With his administration’s gamble to amend the constitution to eliminate term limits and continue in office through his infamous “third term program” failed, Obasanjo led the late President Umaru Yar’Adua and Dr. Goodluck Jonathan through the PDP presidential primaries to succeed him as President and Vice President, respectively, in 2007. A man of integrity, Yar’Adua admitted that the elections that brought him to power were deeply flawed irregularities and initiated far-reaching electoral reforms, the implementation of which was truncated by his unfortunate passing. Under Jonathan’s presidency, the subordination of the party to the presidency continued and the use of executive power to impose the incumbent on the party as the candidate for the 2015 presidential election led to the implosion that led the PDP to lose presidential power and the APC to win the elections that year.
Although it came to power following the mantra of change which the electorate said meant doing things differently from the PDP, the APC surprisingly simply followed in the footsteps of the PDP by one faction of the party realizing what amounted to an intra-party coup, unconstitutionally removing the National Works Committee (NWC) led by Comrade Adams Oshiomhole and imposing the former party leadership chaired by Yobe State Governor Mallam Mai Mala Buni in 2020. What was to be a six-month interim NWC to give newly elected party cadres turned out to be a two-year term under Buni characterized by frequent changes in the rules of the game and the continuous shifting of goalposts . It was an almost successful mutiny against the continued power of the Buni Guardians Committee that led to the last national convention which brought in the current APC National Working Committee led by Alhaji Abdullahi Adamu.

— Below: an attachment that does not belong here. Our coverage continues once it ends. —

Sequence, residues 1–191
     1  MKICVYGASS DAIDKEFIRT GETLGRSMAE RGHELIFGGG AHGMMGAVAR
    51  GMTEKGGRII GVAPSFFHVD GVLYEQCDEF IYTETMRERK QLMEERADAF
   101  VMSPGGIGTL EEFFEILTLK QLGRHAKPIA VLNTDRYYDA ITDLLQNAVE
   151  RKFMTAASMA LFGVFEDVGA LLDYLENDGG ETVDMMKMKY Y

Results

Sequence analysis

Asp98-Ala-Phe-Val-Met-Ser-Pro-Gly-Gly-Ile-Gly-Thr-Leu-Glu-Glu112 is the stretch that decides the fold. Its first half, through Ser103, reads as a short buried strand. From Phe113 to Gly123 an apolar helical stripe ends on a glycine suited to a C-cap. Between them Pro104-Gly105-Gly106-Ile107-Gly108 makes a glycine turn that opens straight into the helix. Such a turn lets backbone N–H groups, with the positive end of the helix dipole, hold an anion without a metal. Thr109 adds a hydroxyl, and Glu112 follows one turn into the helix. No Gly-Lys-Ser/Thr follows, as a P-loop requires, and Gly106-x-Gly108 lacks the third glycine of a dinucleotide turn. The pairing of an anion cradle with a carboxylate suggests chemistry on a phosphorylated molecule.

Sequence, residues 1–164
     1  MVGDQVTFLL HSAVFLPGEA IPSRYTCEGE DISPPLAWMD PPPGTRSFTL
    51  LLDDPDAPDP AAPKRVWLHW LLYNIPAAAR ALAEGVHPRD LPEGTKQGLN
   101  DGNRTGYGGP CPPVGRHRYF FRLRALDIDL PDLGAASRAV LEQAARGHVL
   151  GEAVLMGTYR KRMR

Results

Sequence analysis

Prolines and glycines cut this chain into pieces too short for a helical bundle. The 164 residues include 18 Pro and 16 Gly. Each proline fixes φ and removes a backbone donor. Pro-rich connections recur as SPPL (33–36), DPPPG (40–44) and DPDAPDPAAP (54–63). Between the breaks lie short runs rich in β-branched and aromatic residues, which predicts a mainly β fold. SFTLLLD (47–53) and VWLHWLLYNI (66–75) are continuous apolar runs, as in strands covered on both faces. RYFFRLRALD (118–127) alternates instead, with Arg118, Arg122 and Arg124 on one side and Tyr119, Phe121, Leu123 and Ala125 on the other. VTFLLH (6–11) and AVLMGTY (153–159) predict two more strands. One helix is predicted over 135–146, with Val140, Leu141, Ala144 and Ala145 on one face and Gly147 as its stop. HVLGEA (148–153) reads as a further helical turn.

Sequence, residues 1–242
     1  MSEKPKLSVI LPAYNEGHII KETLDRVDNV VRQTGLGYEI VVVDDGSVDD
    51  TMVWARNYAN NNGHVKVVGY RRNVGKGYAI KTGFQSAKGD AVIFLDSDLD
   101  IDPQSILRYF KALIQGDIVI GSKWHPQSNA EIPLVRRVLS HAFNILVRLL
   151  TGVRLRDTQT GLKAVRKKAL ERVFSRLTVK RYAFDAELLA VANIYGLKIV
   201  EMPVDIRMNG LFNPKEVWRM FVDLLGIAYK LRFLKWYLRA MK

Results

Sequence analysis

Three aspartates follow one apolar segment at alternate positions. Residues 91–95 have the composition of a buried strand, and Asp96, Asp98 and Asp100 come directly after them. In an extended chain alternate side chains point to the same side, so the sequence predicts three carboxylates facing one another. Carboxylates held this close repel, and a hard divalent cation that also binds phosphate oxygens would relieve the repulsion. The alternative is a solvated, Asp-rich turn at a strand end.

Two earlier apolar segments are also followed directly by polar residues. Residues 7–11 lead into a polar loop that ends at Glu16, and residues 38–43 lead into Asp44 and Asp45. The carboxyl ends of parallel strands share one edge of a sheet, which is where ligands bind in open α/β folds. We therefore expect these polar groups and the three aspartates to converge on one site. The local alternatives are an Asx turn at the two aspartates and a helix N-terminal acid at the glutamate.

Unfortunately, the Convention that brought in the party’s new leadership was not used to restore the APC’s democratic ethos and strengthen the control of its structures and processes by grassroots party members. Rather, a form of what could only be described as forced consensus was used as a method of primaries which saw the emergence of party leaders who were in effect the choice of the powerful few. To his credit, President Muhammadu Buhari has personally adhered to constitutional and democratic principles in his dealings with the party. However, the power and influence of his office has unfortunately been exploited by a powerful cabal to impose party leadership in an attempt to take control of party structures. A minority within the APC thus used its presidential power to consolidate the coup executed with the arbitrary imposition of the Mai Buni Guardians Committee in 2020.